Large and rising inequalities in wages, earnings and employment pose fundamental questions for social scientists and critical challenges for policymakers. In the canonical model of mainstream economists, these inequalities are explained by competitive market forces. In this view, workers of a particular quality can be assumed to be paid the same wage (‘the law of one wage’) – their marginal product – and consequently there are no rents (surplus) of importance to bargain over. This in turn requires that institutional or policy interventions that produce deviations from competitive outcomes must come at the cost of lower employment. Increasing pay inequalities in recent decades are explained by rising employer demands for cognitive skills driven by skill-biased technical changes in the workplace that are not adequately met by supplies of workers with relevant skills (Goldin and Katz, 2007; Machin and Van Reenen, 2007; Acemoglu and Autor, 2011, 2012). Evidence for this competitive market explanation has relied heavily on movements in the education–wage premium (the pay advantage to workers with at least a bachelor’s degree) and job polarisation (the declining share of workers in routine-task occupations in the middle of the occupational wage distribution). The central policy recommendation follows directly: eliminate this skill mismatch with education and training programmes designed to build a more appropriately skilled workforce.
At the same time, much important empirical work on pay inequality in recent decades has recognised that most contemporary labour markets in rich countries are ‘pervasively imperfectly competitive’ (Manning, 2011, p. 1030). These imperfections translate into employer monopoly and monopsony power, resulting in rents that must be bargained over. This view – the ‘economics of imperfect competition’ – is one of a wide range of social science perspectives that put bargaining power at the centre of how labour markets work. This literature goes back at least to Adam Smith’s ‘The Wealth of Nations’ (Chapter 8) and includes the work of Sidney and Beatrice Webb at the turn of the last century (Webb and Webb, 1897), the US industrial relations economists of the 1930s–1960s (see Kaufman, 1988), and contemporary scholars in the economic sociology, comparative politics and institutionalist traditions (e.g., Korpi, 1985; Granovetter, 2005; Streeck, 2005; Kaufman, 2010).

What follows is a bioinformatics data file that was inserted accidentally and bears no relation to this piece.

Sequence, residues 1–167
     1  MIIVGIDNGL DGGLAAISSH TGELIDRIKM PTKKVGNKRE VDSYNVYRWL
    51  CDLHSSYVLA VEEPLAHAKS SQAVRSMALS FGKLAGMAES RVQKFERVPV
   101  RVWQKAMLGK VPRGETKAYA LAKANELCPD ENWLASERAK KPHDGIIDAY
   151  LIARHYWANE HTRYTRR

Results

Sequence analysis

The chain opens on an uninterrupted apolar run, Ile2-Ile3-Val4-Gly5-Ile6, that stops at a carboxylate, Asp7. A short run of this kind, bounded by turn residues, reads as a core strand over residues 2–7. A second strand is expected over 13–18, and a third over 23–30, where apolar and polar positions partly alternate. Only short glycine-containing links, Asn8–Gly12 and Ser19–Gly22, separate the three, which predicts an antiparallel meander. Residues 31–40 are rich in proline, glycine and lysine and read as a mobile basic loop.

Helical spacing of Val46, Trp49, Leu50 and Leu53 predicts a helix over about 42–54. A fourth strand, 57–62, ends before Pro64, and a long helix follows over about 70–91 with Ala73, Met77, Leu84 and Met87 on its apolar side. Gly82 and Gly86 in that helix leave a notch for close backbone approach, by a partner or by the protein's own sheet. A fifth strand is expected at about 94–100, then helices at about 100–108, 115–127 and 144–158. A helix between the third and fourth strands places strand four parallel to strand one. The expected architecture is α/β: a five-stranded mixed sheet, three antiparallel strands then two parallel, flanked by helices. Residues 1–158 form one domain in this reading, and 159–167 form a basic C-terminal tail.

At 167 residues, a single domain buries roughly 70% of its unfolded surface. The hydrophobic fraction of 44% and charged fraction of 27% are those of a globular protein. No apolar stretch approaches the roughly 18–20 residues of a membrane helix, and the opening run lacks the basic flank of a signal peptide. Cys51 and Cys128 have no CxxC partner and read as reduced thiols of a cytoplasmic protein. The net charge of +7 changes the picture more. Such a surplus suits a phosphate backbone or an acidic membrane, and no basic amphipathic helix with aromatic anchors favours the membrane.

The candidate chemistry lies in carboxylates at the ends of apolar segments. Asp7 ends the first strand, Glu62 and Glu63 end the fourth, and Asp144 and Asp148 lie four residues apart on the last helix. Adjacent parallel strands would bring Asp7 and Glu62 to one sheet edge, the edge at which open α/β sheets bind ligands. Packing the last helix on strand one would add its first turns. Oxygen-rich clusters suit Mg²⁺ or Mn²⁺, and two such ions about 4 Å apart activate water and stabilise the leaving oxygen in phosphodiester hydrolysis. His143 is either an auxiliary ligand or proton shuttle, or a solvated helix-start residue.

For simplicity and convenience, we group this broad set of bargaining power perspectives under a ‘political economy’ umbrella, distinguished by the view that modern labour markets are necessarily constituted by institutions, policies and market structures that determine the relative balance of power between employers and employees and that this balance is fundamental to labour market outcomes. We underscore the social nature of this power by referring to it as ‘institutional bargaining power’. Rising inequalities in this view reflect a combination of increasing employer market power and declining countervailing power of protective institutions and policies that support (directly or indirectly) the interests of workers. It follows from both the imperfect market and political economy visions that well-designed protective labour regulation can generate substantially more egalitarian outcomes with greater efficiency (e.g., employment performance).
From a comparative political economy perspective, we argue that the balance of bargaining power between employers and workers must be an essential part of a credible explanation for observed differences in the structure and change of national earnings distributions. We begin with an overview of pay inequality as measured by conventional earnings percentile ratios and wage growth trends in many developed (OECD) countries. We also present new incidence indicators for a smaller set of countries (four Anglophone countries and France), the decent- and poverty-pay shares of employment. These indicators are distinctive in that they can capture both the quality and inequality of pay in the bottom part of the earnings distribution and can be easily calculated for narrowly defined demographic groups across countries. We next consider empirical support for competitive market and political economy explanations of the growth of inequality and low-paying jobs. We critically assess the evidence on the education wage premium and employment polarisation for US wage inequality and then show that indices of institutional bargaining power can do an exceptionally good job of accounting for cross-country differences in bottom-end pay distributions, but at the same time are uncorrelated with cross-country employment performance, as measured by employment and unemployment rates. Our concluding discussion of policy implications emphasises the institutional and policy changes that could promote shared growth by raising pay quality and reducing pay inequality in the labour markets of rich countries.
Cite this as:
Howell, D. and Kalleberg, A. L. (2022), ‘Labour market inequality: a comparative political economy perspective’, IFS Deaton Review of